The best part about these protein-packed lil’ thangz is that they’re not manipulated to fall under the category of gluten-free, GAPS, or paleo. They just traditionally are. — Wok Like MeFor more recipes like this one, visit Wok Like Me.
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Add some Chinese chili oil to the Bloody Mary for a spicy kick. The Chinese Chili Bloody Mary is made at China Latina in New York City.
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4
Chinese spareribs, also known as Cantonese BBQ or char siu, are spareribs that are marinated in hoison sauce, soy sauce, and spices and barbecued or roasted.  This chinese spareribs recipe is easily one of our best spareribs recipes due to its ability to deliver the taste and texture of ribs you can typically only find at your local Chinatown. It doesn’t require you buy esoteric ingredients for the marinade or pork. Both Kansas City-style and St.Louis-style spareribs can be used.  Click here to view more of our Best Chinese Recipes. 
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These Chinese-style ribs are served with a sweet, guava barbecue sauce that balances their spicy flavor with a sweet and tart finish.  Recipe contributed by Steven Raichlen for Food & Wine magazine. 
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Jamnation Jams
Our Sublemonal Message is potent and tart – we let the natural flavor of meyer lemons shine – and with the added ginger it makes a delightful glaze for meats or base for sauces. This chicken stir-fry uses those flavors for a quick and memorable entrée.With half a cup of Sublemonal Message you’ll have a delicious dinner for four in no time. The Meyer lemon rind in our marmalade gives this stir-fry a burst of citrus flavor and saves you the time of zesting yourself, and the rice wine vinegar and soy sauce up the savory factor resulting in a balanced, healthy dish.Recipe comes courtesy of Jamnation Jam creator Gillan Reynolds. Click here to check out the full Jamnation lineup of certified Fair Trade artisanal jams.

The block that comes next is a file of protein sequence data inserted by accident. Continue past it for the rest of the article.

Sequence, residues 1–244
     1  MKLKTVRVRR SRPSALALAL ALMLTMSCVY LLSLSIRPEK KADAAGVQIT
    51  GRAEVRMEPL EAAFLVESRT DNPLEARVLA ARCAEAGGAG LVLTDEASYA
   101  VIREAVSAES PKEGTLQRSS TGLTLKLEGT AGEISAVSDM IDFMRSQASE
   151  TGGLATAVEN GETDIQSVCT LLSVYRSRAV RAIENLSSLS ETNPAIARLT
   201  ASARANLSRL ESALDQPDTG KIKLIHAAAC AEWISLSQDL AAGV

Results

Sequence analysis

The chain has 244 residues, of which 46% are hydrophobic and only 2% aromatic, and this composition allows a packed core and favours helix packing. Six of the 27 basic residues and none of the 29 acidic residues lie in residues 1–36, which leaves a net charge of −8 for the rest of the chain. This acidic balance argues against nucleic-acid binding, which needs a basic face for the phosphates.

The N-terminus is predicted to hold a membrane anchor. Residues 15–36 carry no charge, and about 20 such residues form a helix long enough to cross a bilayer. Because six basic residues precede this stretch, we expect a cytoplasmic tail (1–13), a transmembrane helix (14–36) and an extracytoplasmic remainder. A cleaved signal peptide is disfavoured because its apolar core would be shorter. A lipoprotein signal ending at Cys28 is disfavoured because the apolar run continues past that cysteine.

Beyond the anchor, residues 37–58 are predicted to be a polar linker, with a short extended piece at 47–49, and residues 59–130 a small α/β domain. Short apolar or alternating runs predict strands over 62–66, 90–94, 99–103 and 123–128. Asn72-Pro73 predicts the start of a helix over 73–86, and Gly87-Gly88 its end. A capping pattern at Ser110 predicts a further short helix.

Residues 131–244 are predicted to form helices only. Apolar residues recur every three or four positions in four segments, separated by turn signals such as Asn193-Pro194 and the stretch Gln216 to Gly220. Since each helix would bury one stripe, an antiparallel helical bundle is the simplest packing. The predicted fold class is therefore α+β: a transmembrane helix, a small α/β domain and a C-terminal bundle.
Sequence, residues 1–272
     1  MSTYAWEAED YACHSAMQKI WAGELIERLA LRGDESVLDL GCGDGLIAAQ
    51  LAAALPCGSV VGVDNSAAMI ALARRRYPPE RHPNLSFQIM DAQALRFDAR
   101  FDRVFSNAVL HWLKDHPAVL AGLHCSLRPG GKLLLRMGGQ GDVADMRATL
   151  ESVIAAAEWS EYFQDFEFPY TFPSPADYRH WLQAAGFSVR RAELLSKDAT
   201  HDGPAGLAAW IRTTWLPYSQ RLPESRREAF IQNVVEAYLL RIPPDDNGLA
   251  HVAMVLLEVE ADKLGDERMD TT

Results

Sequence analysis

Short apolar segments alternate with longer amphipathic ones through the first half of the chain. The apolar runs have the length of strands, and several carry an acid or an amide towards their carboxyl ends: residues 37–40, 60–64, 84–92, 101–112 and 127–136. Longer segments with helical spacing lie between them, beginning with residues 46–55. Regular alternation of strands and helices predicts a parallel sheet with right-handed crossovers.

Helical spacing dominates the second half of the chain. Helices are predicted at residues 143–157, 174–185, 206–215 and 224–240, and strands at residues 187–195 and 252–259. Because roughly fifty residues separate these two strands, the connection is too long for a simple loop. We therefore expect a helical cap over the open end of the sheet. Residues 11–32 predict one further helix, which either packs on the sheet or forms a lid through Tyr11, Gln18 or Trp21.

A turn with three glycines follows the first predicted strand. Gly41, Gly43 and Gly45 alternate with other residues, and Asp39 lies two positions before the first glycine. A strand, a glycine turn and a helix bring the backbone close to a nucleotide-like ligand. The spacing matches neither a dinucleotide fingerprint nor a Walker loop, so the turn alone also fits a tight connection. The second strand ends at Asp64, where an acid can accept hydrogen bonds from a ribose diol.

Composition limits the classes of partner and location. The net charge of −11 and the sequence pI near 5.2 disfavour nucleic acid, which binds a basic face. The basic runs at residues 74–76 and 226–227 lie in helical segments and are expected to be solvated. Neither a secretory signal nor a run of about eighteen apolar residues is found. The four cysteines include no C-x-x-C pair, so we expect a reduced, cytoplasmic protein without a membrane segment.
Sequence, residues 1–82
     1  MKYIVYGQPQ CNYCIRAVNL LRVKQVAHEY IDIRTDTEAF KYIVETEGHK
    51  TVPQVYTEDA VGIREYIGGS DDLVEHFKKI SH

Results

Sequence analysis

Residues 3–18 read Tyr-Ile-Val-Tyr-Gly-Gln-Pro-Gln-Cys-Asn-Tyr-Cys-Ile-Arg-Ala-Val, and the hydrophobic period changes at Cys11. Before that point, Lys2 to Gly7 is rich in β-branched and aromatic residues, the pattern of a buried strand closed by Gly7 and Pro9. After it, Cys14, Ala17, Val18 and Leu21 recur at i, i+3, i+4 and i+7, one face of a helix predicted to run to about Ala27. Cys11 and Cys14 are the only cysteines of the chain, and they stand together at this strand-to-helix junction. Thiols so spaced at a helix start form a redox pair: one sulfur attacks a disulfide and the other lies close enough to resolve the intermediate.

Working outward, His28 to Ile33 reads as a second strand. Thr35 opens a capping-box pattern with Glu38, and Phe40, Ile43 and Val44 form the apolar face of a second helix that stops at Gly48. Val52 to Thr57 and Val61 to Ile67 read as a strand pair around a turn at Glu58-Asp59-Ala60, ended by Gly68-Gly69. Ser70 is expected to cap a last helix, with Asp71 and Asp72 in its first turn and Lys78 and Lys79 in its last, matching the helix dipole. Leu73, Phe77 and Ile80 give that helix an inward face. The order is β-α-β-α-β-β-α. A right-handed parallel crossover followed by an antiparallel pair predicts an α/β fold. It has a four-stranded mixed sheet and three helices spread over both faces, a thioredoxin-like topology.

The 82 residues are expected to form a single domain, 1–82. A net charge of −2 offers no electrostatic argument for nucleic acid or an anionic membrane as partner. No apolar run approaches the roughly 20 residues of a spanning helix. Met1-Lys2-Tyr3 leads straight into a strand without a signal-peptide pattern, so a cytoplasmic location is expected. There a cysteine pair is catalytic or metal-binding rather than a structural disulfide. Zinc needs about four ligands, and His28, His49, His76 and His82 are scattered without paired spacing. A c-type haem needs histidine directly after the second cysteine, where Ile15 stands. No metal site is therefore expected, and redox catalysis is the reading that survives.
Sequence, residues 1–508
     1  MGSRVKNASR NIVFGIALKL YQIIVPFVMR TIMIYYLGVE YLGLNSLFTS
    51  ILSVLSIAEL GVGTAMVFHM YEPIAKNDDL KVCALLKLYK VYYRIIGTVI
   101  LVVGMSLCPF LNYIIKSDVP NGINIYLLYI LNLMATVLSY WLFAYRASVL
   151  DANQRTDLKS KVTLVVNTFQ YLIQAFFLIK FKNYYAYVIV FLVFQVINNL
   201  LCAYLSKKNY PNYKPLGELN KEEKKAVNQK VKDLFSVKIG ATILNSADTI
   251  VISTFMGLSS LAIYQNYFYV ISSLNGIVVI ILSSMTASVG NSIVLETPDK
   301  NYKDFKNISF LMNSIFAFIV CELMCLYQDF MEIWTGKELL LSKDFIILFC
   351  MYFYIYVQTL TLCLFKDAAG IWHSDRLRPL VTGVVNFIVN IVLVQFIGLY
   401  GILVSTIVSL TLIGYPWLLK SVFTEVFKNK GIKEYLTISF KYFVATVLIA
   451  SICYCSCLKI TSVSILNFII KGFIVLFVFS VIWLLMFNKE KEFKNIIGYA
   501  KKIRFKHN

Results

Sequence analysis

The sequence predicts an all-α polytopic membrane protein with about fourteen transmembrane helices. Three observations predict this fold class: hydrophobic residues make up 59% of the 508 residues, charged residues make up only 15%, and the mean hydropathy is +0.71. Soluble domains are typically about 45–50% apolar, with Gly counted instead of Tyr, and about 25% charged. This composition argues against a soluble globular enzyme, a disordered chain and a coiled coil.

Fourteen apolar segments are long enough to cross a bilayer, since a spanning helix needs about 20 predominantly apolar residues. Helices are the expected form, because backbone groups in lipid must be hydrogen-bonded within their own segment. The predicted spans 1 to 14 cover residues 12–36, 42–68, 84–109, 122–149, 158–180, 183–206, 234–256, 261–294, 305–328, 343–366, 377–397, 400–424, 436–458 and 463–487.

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Chinese Five Spice Pumpkin Seeds
These Chinese Five Spice Pumpkin Seeds pack a punch with the spice's aromatic flavors. 
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Chinese Chive and Pressed Tofu Turnovers
These chewy-crisp pockets of goodness are fun to make and even better to eat. They are a popular Chinese snack filled with the slight garlicky bite of Chinese chives and the savory depth of seasoned pressed tofu. Clear cellophane noodles add body and egg binds the ingredients together. Some cooks add dried shrimp, but I prefer to avoid muddling the flavors. The turnovers are a great snack or can be served with a bowl of soup, plate of dumplings, and/or a salad. Use regular grocery store flour for the best results. The bit of oil in dough yields a slightly rich finish.   Click here for 5 Unusual Ways to Use Tofu. 
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Chinese Crackling Scallion and Garlic Sauce
In some ways, this recipe epitomizes my passion for simple, fresh sauces. It’s just hot oil infused with garlic and chiles and loaded with sliced scallions. It’s served crackling hot, poured straight from a wok onto whole fish, grilled steaks, roasted potatoes, or even bowls of plain rice. I call it “Chinese” because it reminds me of some of my favorite dishes. It’s part sauce, part condiment, and part stir-fry. The steely perfume of a hot wok or cast-iron skillet is an important ingredient in this preparation. I’ve made this with just about any greens I’ve had on hand. Try it with chopped ramps, kale, bok choy greens, arugula, or garlic chives. Chopped romaine lettuce works too.Make sure all of the ingredients are ready before you start. This is a last-minute preparation that is best made and served immediately.